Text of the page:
Voice and video calls via Wi-Fi from 30,000 feet?

6 Feb

“In-flight voice is an interesting topic,” said In-Stat analyst Amy Cravens. “Airlines for the most part [especially in the U.S.] continue to resist it to preserve the passenger experience, but many travelers indicate they would want the service.”

Cravens and other analysts say there’s no danger of in-flight Wi-Fi interfering with a plane’s communications or navigation systems. Many experts also say that regular cellphone calling without Wi-Fi is safe, but the Federal Aviation Administration and the Federal Communications Commission still ban the service.

The FCC reconsidered its ban and launched an inquiry in 2004, and in 2007 the agency ended up keeping the ban in place, saying there wasn’t enough technical information on whether cellphone use onboard aircraft would cause harmful interference to ground-based networks.

The FCC’s position led to a public debate over in-flight cellphone usage in 2007. There were suggestions at the time that continuing the ban simply gave the airlines an opportunity to find ways to charge for calling services.

But using a Wi-Fi channel for voice or video calling opens up many possibilities, as long as the airlines and the public want to head in that direction, analysts said.


“From a technical perspective, there is no concern [of voice over Wi-Fi] interfering with operational communications, so it is more of a security and passenger experience matter,” Cravens said. “I have not seen any movement on this topic by either the FAA or airlines, but would not be surprised if eventually the ban is lifted.”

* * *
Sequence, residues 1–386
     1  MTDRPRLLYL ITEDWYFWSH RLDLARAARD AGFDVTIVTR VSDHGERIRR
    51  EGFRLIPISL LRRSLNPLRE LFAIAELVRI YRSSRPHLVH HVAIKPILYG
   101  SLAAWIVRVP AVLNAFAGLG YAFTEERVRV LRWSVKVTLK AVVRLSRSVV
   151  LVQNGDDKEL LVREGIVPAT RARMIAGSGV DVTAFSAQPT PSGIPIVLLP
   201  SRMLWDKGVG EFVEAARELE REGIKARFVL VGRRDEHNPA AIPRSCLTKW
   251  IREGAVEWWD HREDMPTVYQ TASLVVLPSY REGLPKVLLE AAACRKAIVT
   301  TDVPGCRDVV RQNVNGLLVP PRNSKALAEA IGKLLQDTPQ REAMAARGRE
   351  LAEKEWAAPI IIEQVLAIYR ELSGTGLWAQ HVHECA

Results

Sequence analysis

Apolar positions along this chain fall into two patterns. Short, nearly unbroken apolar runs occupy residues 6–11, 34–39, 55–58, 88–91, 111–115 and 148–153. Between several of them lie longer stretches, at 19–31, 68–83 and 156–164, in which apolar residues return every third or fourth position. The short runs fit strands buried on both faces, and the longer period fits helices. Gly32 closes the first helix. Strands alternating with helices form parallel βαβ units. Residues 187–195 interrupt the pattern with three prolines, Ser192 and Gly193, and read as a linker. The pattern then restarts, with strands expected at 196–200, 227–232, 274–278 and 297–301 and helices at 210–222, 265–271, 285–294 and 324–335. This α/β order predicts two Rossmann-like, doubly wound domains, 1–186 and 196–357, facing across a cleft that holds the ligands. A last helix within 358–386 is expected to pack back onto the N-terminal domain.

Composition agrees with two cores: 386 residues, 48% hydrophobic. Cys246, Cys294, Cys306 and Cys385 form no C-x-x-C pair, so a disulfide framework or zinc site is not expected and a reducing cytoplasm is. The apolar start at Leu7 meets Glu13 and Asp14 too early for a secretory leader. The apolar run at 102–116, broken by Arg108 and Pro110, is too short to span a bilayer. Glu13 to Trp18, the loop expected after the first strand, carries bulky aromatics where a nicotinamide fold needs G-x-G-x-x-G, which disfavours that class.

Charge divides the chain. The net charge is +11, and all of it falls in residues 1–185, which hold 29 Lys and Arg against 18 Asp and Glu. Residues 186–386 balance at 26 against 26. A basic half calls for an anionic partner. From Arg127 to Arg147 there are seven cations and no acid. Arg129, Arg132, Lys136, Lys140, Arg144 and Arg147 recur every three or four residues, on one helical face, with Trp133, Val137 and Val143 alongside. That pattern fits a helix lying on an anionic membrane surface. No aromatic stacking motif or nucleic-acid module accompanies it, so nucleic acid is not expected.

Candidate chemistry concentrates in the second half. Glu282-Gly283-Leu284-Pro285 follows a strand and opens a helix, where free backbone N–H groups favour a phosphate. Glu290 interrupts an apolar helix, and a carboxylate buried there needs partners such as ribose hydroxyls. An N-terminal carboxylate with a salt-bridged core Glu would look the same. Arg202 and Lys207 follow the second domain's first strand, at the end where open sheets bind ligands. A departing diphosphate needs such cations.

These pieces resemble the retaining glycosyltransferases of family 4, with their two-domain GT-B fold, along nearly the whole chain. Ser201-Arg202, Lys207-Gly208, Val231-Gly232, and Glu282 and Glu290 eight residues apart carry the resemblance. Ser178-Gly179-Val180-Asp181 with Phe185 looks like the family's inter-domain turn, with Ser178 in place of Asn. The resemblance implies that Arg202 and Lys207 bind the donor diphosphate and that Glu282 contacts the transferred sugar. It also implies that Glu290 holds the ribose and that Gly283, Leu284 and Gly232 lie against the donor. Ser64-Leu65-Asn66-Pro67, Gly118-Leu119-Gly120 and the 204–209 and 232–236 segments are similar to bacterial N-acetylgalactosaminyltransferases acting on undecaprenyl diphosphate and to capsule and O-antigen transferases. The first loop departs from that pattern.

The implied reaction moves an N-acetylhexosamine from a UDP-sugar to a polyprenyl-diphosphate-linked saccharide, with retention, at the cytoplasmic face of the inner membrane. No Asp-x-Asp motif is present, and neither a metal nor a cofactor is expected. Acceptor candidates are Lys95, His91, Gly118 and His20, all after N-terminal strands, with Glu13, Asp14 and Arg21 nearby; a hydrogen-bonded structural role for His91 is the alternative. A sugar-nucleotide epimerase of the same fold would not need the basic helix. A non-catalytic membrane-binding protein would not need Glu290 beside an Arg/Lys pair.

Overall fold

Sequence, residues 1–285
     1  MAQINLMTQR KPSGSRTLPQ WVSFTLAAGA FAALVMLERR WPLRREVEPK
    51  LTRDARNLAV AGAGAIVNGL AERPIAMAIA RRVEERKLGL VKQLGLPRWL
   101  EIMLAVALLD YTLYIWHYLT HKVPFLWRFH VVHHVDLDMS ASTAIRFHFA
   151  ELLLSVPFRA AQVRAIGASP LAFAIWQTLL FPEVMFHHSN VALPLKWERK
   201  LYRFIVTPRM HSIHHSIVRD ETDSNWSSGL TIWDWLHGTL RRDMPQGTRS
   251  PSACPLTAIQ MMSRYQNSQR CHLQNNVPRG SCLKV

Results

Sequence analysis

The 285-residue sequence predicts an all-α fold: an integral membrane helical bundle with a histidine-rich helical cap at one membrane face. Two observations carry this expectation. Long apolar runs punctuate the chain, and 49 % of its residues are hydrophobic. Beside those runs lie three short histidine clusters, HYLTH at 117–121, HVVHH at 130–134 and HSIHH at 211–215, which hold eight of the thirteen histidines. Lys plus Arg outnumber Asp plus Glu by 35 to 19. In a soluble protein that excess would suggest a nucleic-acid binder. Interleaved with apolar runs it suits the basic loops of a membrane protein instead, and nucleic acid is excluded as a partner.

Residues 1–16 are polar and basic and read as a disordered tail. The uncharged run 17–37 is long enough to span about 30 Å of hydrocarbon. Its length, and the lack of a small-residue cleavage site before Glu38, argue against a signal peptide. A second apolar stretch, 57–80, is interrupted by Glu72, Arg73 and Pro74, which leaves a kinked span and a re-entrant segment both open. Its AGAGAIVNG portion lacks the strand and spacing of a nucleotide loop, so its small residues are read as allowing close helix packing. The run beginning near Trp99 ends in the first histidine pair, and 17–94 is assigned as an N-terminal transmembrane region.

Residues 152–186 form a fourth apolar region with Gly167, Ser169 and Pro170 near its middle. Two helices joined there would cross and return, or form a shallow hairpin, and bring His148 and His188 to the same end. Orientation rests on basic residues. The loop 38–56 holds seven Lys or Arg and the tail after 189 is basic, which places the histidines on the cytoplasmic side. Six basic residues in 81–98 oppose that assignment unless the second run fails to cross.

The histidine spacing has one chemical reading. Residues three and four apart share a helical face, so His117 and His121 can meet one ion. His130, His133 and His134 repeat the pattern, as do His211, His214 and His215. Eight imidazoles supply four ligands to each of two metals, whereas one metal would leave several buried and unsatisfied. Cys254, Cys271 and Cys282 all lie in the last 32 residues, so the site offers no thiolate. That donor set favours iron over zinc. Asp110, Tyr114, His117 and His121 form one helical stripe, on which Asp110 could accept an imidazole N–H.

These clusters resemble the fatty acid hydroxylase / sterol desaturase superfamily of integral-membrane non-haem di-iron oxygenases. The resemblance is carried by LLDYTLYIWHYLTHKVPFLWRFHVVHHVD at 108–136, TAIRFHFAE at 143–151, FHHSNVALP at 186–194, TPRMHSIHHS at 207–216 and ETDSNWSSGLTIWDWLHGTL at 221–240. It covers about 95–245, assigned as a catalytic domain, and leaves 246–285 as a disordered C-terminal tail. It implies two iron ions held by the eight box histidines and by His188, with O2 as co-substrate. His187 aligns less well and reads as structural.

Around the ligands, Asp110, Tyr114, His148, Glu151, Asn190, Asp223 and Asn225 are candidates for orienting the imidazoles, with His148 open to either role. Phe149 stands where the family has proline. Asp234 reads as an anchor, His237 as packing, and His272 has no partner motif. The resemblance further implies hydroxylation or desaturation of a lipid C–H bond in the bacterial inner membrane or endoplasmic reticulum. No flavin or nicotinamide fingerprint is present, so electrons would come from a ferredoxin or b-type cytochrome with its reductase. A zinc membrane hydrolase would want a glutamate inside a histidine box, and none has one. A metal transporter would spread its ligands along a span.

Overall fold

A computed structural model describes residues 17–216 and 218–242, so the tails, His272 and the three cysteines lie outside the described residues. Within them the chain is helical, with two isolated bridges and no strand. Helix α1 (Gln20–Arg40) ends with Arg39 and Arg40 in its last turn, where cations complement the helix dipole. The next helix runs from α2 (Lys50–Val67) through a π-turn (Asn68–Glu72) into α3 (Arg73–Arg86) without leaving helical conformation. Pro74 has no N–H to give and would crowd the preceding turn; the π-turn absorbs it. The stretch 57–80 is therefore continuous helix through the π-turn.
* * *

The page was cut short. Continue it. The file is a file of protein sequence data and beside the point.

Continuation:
Jack Gold, an analyst at J.Gold Associates, added: “I’ve never seen actual credible proof that cellphones on planes caused any interference problems. So in my opinion, turning off your phone on a plane is an unnecessary requirement.”

Gold added that many people probably forget to turn cellphones off during flights, despite reminders by the cabin crew.

Analysts said some law enforcement and government security agencies have worried that terrorists could use in-flight calling systems (either via Wi-Fi or cellular service) to coordinate an attack from a plane. U.S. Department of Homeland Security officials did not respond to a request to comment on that matter, however.


The U.S. airlines have the biggest stake in the question of whether to allow voice or video calling at some point, perhaps using a secure and safe system and charging people who choose to use it. Computerworld contacted several airlines, including American and United, to ask their position on the matter, but none responded.

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